Thursday, May 31, 2012

Brooke Moss Interview and Giveaway!

"Brooke writes complex, character-driven stories about kismet, reunited lovers, first love, and the kind of romance that we should all have the chance at finding. She prefers her stories laced with some humor just for fun, and enough drama to keep her readers flipping the pages, and begging for more!

When Brooke isn't spinning tales, she spends her time drawing/cartooning, reading two books a week (ask her who her faves are), watching movies then comparing them to books, and, of course, wrangling four kids, one hubby she lovingly refers to as her "nerd", and attempting to conquer the Mount Everest of laundry that is the bane of her existence."

 Hi Khelsey! Thanks for having me on your blog!

Can you tell us 3 things we can’t find about you on the internet?
Ummm...let's see: I don't drink at all; I'm a pescetarian--which means, I don't eat any meats, except for seafood & eggs; and when I went to college, I studied Art & Art History, but never finished getting my degree. I really wish I had a re-do on that one. :)
Can you tell us about your new book The Carny?
Sure! Here's the blurb:
"At a town fair on the coast of Oregon, handsome Native American carny, Vincent Youngblood, bestows an unforgettable kiss on shy, awkward teenager, Charlotte Davenport. Then he disappears without another word, leaving her baffled and enamored.

Ten years later, Charlotte is still living in the small fishing town of Astoria, while being trained to--reluctantly--take over for her philandering hotelier father when he retires. After all, who else will do it? Her two perfect sisters are busy being married to their flawless husbands and having cookie cutter children, while Charlotte remains single, childless, and every bit as mousy as she was a decade ago.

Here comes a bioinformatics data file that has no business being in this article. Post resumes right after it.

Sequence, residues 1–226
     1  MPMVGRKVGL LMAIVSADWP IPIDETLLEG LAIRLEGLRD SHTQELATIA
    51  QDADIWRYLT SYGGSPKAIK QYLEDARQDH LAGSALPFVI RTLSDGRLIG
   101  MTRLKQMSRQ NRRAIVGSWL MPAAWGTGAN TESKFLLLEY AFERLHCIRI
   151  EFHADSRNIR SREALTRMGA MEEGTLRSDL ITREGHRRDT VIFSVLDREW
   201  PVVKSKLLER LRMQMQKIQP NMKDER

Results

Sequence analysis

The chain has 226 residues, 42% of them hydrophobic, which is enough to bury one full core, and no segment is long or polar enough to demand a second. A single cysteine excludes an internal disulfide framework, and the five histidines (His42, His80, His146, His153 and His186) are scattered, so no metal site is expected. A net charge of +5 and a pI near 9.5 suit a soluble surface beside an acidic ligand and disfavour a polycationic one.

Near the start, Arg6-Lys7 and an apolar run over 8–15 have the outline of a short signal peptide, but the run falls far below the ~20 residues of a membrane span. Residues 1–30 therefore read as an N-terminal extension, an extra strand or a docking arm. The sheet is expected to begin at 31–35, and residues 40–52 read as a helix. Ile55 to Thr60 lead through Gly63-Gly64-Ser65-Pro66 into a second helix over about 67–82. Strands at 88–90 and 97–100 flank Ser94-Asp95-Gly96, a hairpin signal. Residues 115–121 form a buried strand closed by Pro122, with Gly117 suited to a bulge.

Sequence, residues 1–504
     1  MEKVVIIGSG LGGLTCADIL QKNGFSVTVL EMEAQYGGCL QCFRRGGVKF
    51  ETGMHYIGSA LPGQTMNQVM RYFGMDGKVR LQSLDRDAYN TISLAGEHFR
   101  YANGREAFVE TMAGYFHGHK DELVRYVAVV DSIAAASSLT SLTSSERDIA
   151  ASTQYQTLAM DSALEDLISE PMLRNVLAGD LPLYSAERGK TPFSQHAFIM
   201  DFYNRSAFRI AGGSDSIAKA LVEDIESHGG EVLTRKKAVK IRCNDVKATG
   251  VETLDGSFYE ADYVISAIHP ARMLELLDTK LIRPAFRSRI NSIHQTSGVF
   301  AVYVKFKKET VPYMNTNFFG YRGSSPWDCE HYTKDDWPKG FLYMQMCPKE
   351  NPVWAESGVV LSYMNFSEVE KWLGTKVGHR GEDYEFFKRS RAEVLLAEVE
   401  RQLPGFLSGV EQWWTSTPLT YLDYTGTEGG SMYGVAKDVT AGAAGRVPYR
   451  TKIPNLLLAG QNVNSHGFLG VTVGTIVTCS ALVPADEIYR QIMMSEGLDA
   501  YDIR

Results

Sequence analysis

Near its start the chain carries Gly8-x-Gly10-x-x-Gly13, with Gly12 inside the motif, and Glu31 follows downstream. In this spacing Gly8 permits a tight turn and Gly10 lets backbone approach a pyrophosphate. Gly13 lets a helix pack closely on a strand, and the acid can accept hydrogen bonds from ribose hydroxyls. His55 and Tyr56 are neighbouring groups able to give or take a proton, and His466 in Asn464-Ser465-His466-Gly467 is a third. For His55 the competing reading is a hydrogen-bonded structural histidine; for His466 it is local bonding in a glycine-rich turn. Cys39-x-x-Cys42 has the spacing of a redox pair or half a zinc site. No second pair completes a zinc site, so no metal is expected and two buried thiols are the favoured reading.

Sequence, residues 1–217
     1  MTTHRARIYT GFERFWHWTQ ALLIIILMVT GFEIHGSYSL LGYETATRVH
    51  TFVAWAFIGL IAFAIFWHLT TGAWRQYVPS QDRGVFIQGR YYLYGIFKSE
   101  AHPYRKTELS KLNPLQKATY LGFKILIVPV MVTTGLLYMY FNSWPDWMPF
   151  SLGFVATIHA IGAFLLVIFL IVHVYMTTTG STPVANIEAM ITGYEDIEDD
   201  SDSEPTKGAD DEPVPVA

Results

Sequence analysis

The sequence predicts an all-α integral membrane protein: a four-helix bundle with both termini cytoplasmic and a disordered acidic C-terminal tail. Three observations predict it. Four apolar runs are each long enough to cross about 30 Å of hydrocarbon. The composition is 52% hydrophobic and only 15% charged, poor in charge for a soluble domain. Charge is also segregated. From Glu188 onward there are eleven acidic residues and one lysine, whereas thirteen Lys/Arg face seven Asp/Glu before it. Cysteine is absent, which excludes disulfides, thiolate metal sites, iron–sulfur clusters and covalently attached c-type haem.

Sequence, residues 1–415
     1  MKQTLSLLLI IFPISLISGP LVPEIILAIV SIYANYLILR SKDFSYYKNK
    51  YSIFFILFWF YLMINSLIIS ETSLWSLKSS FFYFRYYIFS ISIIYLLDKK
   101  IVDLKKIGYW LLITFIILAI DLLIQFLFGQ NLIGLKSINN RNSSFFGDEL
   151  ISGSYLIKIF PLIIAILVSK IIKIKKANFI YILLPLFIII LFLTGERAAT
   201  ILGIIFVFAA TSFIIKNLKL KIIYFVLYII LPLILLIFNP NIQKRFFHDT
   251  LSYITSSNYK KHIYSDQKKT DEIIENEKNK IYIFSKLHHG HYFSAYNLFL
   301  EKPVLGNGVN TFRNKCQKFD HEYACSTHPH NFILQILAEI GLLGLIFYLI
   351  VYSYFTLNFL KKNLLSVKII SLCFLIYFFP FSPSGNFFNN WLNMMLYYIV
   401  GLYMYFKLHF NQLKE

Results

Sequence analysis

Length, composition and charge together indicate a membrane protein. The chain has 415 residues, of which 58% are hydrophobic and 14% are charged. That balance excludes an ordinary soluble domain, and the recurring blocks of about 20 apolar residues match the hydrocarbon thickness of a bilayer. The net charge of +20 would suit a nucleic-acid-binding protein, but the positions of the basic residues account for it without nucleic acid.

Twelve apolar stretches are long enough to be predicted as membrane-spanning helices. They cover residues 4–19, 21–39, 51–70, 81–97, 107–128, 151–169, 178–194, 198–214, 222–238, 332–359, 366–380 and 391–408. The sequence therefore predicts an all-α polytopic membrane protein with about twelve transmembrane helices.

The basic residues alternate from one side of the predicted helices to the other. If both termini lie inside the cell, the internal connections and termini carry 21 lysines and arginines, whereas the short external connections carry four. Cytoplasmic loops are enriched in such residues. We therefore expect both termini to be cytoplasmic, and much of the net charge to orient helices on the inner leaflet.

As Charlotte struggles to climb out from underneath her judgmental parents thumb, the carnival rolls back into town, and Charlotte finds herself face to face with Vin again. He's back to run his father's carnival, walking away from a promising career in medicine he started in Chicago. Will her biased and judgmental family accept her relationship with a man who is not only a Native American, but works as a carny for a living? And what unsavory secrets bind the well-educated and seemingly superlative Vin to that ramshackle carnival?

After all, you can’t judge a carny by its cover."

I loved writing this book because it all stemmed from a dream I had about a really handsome carny, which is a total oxy-moron, if you ask me. Carny's are usually a bit creepy, if you ask me. When I sat down to write it, I felt really compelled to add an aspect of racism to the story, but wanted to make it a bit less typical. So I made Vin a Native American. I really hope my readers enjoy this book, it's got a little piece of my heart connected to it. :)

 Out of all of your books what scenes stands out the most to you?
 There is a scene from my August release, Keeping Secrets in Seattle, that involved a sexual assault. Most of it hit the cutting room floor in edits, but I still have my rough draft version of it, and I am very proud of it. It took a lot of strength to write something so terrifying and awful, without being crass, and I was really proud of the end result.